Grytviken is located on the island of South Georgia, Antarctica. Its name means “the Pot Bay”, named by a Swedish topographer who in 1902 found there a large pot to extract oil from the seals (in 1770 British, Americans and Russians started to exploit the seal hunt in the island). It is the best port in South Georgia, chosen by the Norwegian captain Carl Anton Larsen in 1904 as the site for the first whaling station in the area. The whale hunting in Grytviken ended in 1965, and a few years later, in 1971, the site was abandoned.
Today Grytviken is in ruins. Empty houses, shops, administrative buildings, a church, a foundry, a small hydroelectric plant, even ships used by the whalers are abandoned in the shore. All that remains in the village lies at the mercy of the tides and the wind, with the impressive snowy mountains as a witness. The enormous size of the whale processing plant can give us an idea of the slaughter that took place there. According to old stories, especially during 1910-1930 the waters of King Edward Cove turned into red with the blood of the magnificent mammals. It was the booming industry. Later, gradually, the whales disappeared. Until 1965, when there was nothing to hunt.
Although there were groups protesting against the killing of whales since the early twentieth century was not until 1946, with the creation of the International Whaling Convention, when it began to address the problem of over-explotation of these animals. But conservation measures were late: the population of whales in Antarctica is still low, especially in regard to the blue whale and the fin whale.
Life was hard for the whalers. A saying that could be heard in the early years was: “beyond 40º no law; beyond 50º no God”. To try to remedy the situation somewhat, Captain Larsen personally financed a church. The Grytviken church was the first in Antarctica. Originally the building was in Strømmen, Norway. It was dismantled and taken to Grytviken to be rebuilt at the end of 1913. The works finished in time for the church was opened and consecrated on Christmas Day. The clergyman of the church described the congregation that Christmas as “young men in the prime of his life, tanned and strong, showing the marks of hard work” and lamented that “Christian life was not much among the whalers”. Due to the loneliness in which they lived, many of the workers returned to their homes mentally deranged.1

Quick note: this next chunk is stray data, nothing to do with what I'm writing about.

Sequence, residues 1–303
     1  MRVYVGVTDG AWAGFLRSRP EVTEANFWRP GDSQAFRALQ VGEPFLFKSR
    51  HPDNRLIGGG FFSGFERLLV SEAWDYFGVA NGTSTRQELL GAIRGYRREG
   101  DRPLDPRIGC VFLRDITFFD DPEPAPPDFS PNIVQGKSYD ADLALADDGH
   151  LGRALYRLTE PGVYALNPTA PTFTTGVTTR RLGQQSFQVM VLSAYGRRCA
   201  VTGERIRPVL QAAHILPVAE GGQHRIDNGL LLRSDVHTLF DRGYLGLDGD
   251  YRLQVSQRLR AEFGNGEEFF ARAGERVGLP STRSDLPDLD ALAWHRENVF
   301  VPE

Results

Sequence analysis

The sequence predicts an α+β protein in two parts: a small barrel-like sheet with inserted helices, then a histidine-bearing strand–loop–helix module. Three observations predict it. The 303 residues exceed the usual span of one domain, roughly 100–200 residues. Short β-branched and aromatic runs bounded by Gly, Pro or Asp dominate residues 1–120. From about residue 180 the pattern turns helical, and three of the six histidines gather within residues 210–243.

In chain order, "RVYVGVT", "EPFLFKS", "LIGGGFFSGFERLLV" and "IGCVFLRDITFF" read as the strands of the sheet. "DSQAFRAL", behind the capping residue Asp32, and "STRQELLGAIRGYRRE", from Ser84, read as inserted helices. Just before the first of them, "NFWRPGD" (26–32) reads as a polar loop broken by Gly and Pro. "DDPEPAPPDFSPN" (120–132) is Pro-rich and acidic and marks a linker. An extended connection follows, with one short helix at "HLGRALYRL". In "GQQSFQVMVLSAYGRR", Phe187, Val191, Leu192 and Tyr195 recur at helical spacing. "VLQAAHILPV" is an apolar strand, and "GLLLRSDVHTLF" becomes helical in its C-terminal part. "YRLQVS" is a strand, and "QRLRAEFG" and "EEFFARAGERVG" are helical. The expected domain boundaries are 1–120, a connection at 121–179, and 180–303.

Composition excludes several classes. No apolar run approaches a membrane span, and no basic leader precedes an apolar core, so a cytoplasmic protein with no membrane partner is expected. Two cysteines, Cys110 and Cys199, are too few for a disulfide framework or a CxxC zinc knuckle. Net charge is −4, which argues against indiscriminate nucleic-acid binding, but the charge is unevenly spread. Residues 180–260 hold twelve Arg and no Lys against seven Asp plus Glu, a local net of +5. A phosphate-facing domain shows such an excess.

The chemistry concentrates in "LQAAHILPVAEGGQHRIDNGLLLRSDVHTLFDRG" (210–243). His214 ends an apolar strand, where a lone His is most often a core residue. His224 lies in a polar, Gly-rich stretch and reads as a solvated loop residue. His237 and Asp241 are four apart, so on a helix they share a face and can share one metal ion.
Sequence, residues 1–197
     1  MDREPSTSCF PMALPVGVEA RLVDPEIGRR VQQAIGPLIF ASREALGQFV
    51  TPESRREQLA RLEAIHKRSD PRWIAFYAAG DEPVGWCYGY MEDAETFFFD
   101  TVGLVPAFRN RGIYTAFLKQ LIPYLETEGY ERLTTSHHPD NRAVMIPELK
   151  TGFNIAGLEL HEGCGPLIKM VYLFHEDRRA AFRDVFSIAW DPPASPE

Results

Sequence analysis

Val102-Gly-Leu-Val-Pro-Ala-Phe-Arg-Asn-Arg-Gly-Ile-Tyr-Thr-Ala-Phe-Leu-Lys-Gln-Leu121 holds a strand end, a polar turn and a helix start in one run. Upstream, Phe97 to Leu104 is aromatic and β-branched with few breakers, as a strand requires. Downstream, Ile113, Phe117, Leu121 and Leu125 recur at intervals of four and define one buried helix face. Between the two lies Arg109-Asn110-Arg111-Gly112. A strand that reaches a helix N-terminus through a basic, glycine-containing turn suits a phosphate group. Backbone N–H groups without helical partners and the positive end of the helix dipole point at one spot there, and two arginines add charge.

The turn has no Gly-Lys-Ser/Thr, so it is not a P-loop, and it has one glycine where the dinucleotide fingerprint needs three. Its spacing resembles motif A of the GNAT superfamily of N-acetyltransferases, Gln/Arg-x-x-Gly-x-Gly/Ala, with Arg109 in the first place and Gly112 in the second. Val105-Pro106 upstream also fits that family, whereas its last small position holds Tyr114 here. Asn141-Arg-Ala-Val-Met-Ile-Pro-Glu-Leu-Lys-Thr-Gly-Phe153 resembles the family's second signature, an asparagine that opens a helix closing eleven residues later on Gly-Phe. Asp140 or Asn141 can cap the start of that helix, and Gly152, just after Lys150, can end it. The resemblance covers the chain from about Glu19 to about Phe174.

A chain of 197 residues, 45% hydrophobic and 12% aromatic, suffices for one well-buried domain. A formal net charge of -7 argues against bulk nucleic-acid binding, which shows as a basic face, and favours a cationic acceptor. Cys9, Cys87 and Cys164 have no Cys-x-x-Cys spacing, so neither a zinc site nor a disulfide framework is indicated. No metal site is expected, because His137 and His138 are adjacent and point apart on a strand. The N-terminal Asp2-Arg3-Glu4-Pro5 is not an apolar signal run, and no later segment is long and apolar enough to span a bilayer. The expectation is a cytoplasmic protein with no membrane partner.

Anecdotally: Grytviken was the last stop of Shackleton before entering into the Weddell Sea. He arrived to the island on November 5, 1914, and met with warnings of caution from the whalers who worked on the island. They told him it was a bad year for ice, and recommended him to delay his departure till ice sheets decreased. Shackleton spent a month in Grytviken, but finally the Endurance departed on 5 December, 1914. The warnings of the whalers were verified too son. The Endurance became trapped in the ice for 10 months before sinking in the frozen waters of Antarctica.
1- The Crystal Desert: Summerns in Antarctica, by David G. Campbell. Houghton Mifflin Harcourt, 2002 – page 227.